From offering food security and protecting coastlines to supporting 25 percent of the ocean’s marine biodiversity, coral reefs play a vital role for this planet. And for these marine ecosystems, information is opening new doors for targeted action.
On September 8, 2021, the Allen Coral Atlas met a major milestone by completing global habitat maps of the world’s tropical, shallow coral reefs. By combining satellite imagery, advanced analytics, and object-based analysis, global collaboration has resulted in maps that show the marine ecosystem’s benthic and geomorphic data in unprecedented detail. Reefs between the latitudinal lines 30º N and 30º S were mapped and turned into downloadable data available on the Atlas website.
“We now have the highly detailed maps needed to create new spatial plans and marine protected areas,” said Wen Wen, a marine spatial analyst in Indonesia. “The Allen Coral Atlas is playing a large role in prioritizing 30 million hectares of a new MPA and providing alternative locations for a coastal economic development project of a shoreline airport. This tool is a blessing to our country.”
Innovation and Collaboration
The journey of a habitat map begins as satellite imagery from Planet Labs, Inc. This imagery, along with water depth calculations from ASU, is sent to the Remote Sensing Research Center (RSRC) at the University of Queensland. There, scientists leverage machine learning and advanced analyses to craft and refine benthic and geomorphic habitat maps from satellite imagery.
To create high-quality maps, global collaboration is fundamental. Over 450 datasets and existing local reef maps have been provided by research and conservation teams. These data support the Atlas maps at various stages – from training the algorithms to accurately recognize and classify a reef area to assessing the quality of the Atlas habitat maps. “To someone who has never seen the reef, it is like looking at a city from a helicopter. Lots of activity, colour, shapes, and the buildings teeming with life and activity inside.” Michael Markovina, previous director of the Marine Program for Wildlife Conservation Society Tanzania, recounts his experience collecting field data for the Atlas in a past blog, “Also, when you look at a devastated reef, it looks like a bombed city in Syria. The very components that make you go “wow” at the sight of a beautiful functioning city are missing and lying in ruin. It is very impactful.”
After the regions have been validated and feedback is provided by a local expert, the habitat maps are sent to the software engineering team at ASU where the global habitat maps are transformed into visual and downloadable data available to anyone with internet access.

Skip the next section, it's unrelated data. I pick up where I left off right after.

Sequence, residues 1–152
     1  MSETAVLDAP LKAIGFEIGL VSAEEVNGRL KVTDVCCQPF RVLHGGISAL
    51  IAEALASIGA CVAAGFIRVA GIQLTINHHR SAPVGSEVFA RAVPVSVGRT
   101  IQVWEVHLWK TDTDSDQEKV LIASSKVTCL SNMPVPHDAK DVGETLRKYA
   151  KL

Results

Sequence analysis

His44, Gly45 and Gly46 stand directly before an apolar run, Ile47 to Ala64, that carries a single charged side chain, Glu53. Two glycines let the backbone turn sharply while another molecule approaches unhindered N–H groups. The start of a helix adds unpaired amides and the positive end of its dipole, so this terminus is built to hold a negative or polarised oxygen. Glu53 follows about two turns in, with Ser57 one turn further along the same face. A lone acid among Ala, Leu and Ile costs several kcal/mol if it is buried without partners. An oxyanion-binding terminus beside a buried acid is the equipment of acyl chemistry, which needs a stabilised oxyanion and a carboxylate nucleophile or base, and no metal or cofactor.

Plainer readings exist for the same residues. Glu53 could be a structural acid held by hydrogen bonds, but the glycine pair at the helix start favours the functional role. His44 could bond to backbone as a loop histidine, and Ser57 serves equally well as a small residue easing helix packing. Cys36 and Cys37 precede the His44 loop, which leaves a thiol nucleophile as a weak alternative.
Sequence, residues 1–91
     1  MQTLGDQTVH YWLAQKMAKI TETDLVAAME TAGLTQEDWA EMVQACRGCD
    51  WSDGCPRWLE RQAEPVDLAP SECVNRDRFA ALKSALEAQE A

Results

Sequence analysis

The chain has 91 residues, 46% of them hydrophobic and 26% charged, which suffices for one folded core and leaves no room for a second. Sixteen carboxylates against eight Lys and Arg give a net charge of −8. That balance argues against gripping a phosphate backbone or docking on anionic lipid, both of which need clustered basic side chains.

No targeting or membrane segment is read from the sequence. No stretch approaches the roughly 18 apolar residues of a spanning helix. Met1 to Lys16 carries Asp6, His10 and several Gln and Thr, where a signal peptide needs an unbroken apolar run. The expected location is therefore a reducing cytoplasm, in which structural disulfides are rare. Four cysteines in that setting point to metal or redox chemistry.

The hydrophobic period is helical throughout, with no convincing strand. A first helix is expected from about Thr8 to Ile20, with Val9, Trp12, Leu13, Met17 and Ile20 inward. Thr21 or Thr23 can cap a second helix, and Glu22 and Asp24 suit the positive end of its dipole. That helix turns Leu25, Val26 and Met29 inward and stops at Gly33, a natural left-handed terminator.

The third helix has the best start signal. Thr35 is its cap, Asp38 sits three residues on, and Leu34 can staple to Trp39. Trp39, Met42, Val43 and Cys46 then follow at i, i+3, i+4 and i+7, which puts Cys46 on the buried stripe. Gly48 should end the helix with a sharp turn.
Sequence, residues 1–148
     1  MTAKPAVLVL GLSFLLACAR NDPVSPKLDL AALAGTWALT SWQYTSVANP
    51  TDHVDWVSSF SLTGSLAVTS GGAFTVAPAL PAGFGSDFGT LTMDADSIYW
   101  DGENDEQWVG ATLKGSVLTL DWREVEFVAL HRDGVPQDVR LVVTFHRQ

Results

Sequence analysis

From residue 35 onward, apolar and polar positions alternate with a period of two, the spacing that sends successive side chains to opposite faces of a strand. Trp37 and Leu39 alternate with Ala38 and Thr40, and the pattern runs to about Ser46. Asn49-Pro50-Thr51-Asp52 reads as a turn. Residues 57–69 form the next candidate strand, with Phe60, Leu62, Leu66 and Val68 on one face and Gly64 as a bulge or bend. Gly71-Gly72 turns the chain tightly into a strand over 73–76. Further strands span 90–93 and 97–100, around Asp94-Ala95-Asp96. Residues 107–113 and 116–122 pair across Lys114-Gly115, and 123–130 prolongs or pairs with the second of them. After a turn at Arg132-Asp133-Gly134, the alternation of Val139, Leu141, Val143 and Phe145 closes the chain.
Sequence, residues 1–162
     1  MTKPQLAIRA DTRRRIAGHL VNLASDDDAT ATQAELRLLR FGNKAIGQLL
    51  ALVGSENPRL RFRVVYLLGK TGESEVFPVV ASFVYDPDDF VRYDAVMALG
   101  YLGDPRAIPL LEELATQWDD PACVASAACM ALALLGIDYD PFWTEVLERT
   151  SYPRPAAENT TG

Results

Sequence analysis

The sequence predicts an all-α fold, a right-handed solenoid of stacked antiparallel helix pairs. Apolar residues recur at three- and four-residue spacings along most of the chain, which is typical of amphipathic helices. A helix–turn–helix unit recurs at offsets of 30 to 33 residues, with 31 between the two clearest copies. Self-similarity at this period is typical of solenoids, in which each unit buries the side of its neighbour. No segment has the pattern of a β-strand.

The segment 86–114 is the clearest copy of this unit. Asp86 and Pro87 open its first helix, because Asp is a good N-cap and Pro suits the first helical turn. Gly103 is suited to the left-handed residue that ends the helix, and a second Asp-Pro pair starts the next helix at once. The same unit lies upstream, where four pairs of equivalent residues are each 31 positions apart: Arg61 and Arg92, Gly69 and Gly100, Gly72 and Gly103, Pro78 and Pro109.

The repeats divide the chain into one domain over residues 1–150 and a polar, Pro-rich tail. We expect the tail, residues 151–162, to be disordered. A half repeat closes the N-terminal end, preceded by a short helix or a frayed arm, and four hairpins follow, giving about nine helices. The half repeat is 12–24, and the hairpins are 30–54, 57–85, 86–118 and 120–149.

Benthic and geomorphic data provide useful information about the reef ecosystem. The term “benthic” refers to the composition of the ocean floor while “geomorphic” refers to the seascape, or the structure, of the ocean floor. With these maps, organizations have a new tool to guide their conservation efforts.
“It is a gratifying milestone after years of dedicated non-stop teamwork to bring this global map to fruition, but the true value of the work will come when coral conservationists are able to better protect coral reefs based on the high-resolution maps and monitoring system,” said Dr. Greg Asner, Managing Director of the Atlas at Arizona State University (ASU). “We must double down and use this tool as we work to save coral reefs from the impacts of our climate crisis and other threats.”
Currently, officials from 14 countries are engaged with Atlas team members, working on 48 new marine planning projects using the Atlas maps as their foundational data set.
Vatu Molisa, Vanuatu Project Liaison Officer for the IUCN Marine Program explained how the Atlas will be used to inform the region’s coral protection activities, “We will be utilizing this very valuable and important dataset to contribute to our continuing National Marine Spatial Plan and efforts, and look forward to future and continuing collaborations.”
The use of the habitat maps goes beyond marine spatial planning, with organizations using the Atlas for disaster recovery, proposed policies for fishing regulations, and the identification and documentation of local threats to coral reef habitats.
Created by and for the community, the Atlas is more than a resource. The Allen Coral Atlas is a collaboration of coral reef scientists and conservationists working together to build and improve coral reef mapping and monitoring. From the creation of habitat maps through using the Atlas for conservation impact, community, and innovation are the key ingredients.
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